The northern part of Deception Valley is one of the highlights. Its sweet grass attracts dense concentrations of herbivores during and after the rainy season. This in turn attracts the predators. One should also visit the Sunday and Leopard Pans, Passarge Valley and Piper’s Pan.
6. Chobe National Park
Situated in Botswana’s north-eastern region, the park is flanked by the Okavango Delta and Moremi Game Reserve. It is one of the most biologically-diverse parks, characterised by impenetrable thorn bush growing in thick sand, lush floodplains and dense woodland of mahogany, teak and other hardwoods. It lies upstream from the town of Kasane, the most important town of the region.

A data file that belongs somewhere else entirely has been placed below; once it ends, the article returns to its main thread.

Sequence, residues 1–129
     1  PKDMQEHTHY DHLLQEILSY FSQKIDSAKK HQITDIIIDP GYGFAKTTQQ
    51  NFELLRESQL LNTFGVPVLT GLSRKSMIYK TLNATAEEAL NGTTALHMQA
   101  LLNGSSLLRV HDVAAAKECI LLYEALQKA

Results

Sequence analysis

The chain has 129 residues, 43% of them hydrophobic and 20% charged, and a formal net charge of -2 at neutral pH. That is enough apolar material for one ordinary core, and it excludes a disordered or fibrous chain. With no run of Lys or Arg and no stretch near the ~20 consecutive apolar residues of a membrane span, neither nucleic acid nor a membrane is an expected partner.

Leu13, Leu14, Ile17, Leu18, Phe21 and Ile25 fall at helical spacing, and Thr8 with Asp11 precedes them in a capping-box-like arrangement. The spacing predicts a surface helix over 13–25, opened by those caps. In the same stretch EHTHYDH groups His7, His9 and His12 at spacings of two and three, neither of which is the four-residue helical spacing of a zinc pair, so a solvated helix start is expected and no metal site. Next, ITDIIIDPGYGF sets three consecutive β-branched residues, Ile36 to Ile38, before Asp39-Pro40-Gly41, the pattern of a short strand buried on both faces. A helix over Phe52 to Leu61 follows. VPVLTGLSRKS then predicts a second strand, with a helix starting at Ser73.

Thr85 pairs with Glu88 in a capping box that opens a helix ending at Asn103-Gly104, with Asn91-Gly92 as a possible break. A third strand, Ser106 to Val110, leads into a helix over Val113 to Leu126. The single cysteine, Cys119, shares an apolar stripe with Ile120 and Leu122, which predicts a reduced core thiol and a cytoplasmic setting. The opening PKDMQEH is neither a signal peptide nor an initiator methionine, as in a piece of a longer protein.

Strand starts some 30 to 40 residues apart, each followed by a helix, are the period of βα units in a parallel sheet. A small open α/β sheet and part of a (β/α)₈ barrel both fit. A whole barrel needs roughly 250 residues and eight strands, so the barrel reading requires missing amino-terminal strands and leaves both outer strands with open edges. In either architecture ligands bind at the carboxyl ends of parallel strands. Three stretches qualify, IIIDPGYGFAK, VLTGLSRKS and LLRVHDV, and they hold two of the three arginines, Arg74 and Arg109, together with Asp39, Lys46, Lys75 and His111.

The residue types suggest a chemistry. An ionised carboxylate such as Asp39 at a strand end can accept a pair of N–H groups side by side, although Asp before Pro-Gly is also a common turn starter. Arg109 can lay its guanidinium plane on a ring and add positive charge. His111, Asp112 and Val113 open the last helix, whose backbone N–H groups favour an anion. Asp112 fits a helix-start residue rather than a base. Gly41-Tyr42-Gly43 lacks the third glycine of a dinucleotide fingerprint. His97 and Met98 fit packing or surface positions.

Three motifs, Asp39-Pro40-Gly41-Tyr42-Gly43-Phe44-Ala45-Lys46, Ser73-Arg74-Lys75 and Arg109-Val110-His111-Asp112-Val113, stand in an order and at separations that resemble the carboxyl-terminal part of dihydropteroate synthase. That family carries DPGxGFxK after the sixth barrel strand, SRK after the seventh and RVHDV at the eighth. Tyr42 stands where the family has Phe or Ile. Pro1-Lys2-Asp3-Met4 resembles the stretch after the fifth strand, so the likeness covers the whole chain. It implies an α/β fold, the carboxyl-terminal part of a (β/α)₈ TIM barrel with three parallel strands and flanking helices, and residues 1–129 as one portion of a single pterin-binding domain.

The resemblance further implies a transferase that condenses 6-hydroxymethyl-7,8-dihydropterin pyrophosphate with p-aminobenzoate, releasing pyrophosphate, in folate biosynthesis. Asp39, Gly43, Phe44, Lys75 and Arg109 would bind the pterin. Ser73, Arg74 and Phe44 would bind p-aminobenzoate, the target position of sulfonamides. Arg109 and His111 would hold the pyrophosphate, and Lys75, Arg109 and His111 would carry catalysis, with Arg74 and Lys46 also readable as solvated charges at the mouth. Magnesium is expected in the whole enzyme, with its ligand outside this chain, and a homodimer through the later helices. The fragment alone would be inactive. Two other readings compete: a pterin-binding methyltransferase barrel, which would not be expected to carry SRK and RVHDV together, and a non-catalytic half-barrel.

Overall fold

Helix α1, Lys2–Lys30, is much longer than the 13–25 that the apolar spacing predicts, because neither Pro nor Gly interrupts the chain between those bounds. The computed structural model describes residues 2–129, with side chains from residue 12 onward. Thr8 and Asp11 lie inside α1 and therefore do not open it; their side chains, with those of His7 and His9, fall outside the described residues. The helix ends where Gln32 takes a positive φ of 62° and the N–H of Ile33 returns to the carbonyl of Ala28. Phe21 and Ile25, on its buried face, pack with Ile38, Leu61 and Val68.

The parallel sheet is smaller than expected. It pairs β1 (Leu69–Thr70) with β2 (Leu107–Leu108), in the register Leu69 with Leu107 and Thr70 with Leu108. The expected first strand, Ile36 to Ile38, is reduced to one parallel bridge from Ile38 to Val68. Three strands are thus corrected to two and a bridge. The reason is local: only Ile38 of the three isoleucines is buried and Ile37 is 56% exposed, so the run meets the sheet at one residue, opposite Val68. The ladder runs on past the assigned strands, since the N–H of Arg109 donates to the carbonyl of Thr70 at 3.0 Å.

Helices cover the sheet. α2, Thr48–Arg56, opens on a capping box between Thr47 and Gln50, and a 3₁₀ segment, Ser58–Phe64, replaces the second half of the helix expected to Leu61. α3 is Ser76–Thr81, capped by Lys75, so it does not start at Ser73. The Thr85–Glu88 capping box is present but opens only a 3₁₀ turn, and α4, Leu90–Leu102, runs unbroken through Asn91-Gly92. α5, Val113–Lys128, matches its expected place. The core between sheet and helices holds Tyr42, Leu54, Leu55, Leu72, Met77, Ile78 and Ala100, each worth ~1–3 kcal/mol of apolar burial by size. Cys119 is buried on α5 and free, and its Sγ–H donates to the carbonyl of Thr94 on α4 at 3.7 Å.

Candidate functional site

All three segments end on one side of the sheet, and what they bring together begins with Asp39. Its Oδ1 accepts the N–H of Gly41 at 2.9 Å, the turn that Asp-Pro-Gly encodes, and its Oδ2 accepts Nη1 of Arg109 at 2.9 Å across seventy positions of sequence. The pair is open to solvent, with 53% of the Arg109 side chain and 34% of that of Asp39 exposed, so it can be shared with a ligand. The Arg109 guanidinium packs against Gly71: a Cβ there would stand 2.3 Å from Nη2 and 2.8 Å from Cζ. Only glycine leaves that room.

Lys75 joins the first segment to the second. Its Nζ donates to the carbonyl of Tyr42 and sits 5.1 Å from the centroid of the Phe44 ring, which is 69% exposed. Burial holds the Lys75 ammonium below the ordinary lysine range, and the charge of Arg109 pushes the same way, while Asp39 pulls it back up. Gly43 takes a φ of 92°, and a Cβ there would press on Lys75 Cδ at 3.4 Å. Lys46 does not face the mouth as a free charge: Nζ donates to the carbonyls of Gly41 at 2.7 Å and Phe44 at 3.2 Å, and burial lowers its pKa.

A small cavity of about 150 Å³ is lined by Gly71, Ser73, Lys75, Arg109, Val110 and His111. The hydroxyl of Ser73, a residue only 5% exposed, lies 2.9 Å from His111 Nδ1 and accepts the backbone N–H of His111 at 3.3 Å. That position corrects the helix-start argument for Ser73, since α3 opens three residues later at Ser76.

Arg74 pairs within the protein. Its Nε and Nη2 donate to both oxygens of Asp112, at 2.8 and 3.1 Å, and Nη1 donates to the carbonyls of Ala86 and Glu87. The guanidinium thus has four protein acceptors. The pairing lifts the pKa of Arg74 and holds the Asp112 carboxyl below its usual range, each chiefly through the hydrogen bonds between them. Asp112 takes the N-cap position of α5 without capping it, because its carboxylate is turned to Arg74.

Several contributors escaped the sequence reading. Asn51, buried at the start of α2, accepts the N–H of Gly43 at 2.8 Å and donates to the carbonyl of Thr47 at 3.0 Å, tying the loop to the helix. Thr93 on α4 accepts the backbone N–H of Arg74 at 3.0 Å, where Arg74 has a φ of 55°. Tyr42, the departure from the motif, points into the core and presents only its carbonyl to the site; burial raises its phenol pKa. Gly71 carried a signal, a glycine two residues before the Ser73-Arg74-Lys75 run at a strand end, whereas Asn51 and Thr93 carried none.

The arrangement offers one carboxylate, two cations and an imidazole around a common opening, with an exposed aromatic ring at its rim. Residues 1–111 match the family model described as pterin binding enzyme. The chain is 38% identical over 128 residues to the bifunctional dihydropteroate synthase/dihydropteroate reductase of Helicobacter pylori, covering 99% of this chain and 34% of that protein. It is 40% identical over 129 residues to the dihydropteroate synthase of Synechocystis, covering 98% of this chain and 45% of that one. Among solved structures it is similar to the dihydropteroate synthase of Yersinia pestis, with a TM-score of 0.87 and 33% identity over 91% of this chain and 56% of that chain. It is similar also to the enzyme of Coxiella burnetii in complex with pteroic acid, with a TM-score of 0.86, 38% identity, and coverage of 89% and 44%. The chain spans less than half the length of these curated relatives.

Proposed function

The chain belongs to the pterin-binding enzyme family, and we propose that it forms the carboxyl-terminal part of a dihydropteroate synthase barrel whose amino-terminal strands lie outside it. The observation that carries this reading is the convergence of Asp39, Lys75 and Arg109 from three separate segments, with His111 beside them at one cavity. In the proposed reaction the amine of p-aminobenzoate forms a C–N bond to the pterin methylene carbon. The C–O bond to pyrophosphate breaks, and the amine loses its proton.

It is also widely known for its spectacular elephant population, the largest in size of all well-known elephant populations. Many species have made the area a permanent home; leopards are always plentiful and packs of spotted hyena and prides of lion are notoriously large.
7. Khutse Game Reserve
Situated relatively close to Gaborone, the capital of Botswana, this is a popular game reserve for local residents and visitors who can’t get to the more remote reserves. The drive to the reserve takes travellers past interesting Kalahari villages, including Molepolole – the ‘Gateway of the Kalahari’.
The original inhabitants of the area – the San and Bakgalagadi people – live in small villages on the periphery of the reserve. Guided walks with the San people are popular, and their traditional arts and crafts can be bought here.